“We’ve done nothing with clips, which are the golden goose,” said Brian McCarthy, an N.F.L. league spokesman. “It’s mainly been our legal department that YouTube’s been dealing with” to remove unauthorized uploads. He said that the league preferred to stock its Web site, NFL.com, with video, and that it has not found any type of business model with YouTube that makes “strategic or economic sense.”

    YouTube has revenue-sharing arrangements with the N.B.A. and N.H.L.

    Grimes said the N.B.A. began talks with YouTube shortly after Google acquired it for $1.65 billion in October. He said the decision to seek videos of fans’ court moves and to let fans rate them — a kind of “American Idol” for slam dunkers, between-the-legs dribblers, head fakers, no-look passers and 3-point shooters — was based on a desire to differentiate the league’s YouTube channel from the offerings on NBA.com, where a feature letting fans mix their highlight packages was recently added.

    The N.B.A. was also mindful of Tostitos’s recent promotion letting fans create their own Super Bowl commercial; the winning ad was shown during the game.

    “Consumers will tell us if it’s a good idea,” Grimes said, adding that inclusion in a top 10 is as big a reward as the best submitted videos will receive. “We’ll monitor it, maybe change the theme as we go along, but we think it will be popular.”



    Maxcy would not say whether the N.H.L. channel would follow the N.B.A.’s lead and ask fans to upload videos of their slap shots and kick saves.

    “What will we do with the N.H.L.?” he said. “It’s tough to know. But will we continue to innovate? Yes.”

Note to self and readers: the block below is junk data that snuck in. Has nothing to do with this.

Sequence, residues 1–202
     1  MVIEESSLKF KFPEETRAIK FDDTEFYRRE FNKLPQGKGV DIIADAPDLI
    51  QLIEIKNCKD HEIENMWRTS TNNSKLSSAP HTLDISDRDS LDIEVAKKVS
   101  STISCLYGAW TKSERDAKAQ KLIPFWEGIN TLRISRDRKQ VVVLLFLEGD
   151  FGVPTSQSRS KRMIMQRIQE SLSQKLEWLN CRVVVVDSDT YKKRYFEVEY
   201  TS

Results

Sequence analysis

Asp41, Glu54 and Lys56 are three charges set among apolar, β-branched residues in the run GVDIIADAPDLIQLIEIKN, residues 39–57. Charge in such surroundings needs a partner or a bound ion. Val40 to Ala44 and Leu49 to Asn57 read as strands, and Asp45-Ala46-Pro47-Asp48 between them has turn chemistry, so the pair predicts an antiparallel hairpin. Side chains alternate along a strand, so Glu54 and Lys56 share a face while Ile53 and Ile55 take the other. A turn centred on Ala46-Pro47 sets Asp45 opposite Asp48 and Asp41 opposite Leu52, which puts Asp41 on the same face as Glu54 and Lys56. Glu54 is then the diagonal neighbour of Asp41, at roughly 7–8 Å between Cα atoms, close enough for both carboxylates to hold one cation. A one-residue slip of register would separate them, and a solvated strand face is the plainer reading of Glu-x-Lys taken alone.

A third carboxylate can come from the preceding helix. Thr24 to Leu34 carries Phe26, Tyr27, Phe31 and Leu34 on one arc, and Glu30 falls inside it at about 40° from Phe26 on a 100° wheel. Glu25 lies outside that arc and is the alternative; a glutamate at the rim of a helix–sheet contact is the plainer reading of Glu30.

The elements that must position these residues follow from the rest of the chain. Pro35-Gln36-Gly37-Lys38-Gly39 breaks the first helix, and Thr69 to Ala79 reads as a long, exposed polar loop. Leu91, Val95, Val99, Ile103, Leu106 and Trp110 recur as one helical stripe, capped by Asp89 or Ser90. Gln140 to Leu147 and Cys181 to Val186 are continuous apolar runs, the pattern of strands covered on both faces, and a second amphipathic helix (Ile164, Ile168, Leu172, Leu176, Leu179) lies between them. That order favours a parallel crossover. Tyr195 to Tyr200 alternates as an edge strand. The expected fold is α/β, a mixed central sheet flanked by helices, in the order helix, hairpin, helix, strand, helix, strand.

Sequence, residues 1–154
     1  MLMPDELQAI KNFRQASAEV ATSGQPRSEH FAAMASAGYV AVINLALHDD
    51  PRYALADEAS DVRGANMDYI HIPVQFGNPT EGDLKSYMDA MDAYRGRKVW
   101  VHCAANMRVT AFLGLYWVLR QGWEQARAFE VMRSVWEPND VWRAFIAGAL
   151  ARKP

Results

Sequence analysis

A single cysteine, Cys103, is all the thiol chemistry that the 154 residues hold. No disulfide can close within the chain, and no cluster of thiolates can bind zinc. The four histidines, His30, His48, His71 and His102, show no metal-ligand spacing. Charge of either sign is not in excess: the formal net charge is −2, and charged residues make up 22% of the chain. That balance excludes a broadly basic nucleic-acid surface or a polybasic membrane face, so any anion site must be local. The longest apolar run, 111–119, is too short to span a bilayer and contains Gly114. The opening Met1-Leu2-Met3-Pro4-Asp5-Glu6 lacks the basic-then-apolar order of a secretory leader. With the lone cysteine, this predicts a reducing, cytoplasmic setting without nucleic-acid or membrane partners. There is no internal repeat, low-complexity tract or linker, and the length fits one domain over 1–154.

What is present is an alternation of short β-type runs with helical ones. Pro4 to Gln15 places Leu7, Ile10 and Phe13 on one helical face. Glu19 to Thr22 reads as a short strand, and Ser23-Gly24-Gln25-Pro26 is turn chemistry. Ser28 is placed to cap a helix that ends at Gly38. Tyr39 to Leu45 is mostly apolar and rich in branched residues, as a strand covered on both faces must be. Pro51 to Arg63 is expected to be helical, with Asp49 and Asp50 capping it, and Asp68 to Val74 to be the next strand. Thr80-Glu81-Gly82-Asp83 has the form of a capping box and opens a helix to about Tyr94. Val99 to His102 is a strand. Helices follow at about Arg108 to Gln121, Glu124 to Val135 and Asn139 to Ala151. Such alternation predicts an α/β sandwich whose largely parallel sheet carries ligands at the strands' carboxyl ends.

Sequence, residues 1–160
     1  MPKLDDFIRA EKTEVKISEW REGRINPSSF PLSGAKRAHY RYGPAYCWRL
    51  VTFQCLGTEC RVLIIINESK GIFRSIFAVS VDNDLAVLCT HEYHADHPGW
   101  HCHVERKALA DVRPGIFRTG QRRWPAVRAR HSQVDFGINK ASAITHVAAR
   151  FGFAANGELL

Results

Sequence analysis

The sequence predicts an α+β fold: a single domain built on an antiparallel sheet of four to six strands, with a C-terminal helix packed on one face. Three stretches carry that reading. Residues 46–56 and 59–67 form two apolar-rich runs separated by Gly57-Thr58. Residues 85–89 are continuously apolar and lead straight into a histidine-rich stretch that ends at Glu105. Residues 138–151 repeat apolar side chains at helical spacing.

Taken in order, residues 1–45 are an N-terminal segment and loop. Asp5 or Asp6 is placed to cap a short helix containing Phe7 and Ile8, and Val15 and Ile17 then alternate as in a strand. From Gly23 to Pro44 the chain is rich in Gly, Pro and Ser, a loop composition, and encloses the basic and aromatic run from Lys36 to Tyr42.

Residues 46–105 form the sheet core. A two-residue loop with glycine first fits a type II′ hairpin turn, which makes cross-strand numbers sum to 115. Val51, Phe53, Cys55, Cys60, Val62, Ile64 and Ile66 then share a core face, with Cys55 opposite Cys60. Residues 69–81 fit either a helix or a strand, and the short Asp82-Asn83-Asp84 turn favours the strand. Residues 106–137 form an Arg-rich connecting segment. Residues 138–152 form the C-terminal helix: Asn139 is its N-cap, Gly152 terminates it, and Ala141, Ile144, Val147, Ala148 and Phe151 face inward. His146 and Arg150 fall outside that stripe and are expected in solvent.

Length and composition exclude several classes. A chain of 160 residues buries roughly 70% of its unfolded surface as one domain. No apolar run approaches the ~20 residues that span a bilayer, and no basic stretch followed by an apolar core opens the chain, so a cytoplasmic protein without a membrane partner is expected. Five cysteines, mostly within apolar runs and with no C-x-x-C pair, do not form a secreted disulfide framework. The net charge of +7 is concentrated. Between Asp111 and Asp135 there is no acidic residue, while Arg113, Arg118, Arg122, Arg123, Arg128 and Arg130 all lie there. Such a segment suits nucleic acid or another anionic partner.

One measure of the impact of the two leagues can be measured in the viewership of certain videos. As of last night, a two-month-old promo involving San Jose Sharks center Joe Thornton, in which he has trouble making toast, had been viewed 144,967 times. A video of Shaquille O’Neal, LeBron James and Dwight Howard dancing during an All-Star Game practice had been seen more than 400,000 times.
     
  2. Dave2000

    Dave2000 Contributing Member

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    i wonder if they'll delete my vid in Miami and San Antonio, because "technically" you are not suppose to bring digital cameras with video recording function.... :p
     
  3. Jeff

    Jeff Clutch Crew

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    Smart move by the NBA.
     
  4. A-Train

    A-Train Contributing Member

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    The No Fun League will probably never strike a deal with youtube
     
  5. Lil Pun

    Lil Pun Contributing Member

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    Ain't that the truth.
     
  6. rockHEAD

    rockHEAD Contributing Member

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    Finally they see the light!
     
  7. SwoLy-D

    SwoLy-D Contributing Member

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    Not really... :( I don't like that fans will be having their compilations and fan videos pulled off the site... or... do you think NBA will not try to do it?
     
  8. Enron

    Enron Member

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    This is more than likely bad for fans like us and the result of an out of court settlement for Youtube to avoid being sued by the NBA.
     
  9. Wangdoodle

    Wangdoodle Member

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    What's amazing is how long it's taking businesses to come around.

    Media businesses and organizations (like the RIAA and MPAA) must realize that they must change business models as technology changes.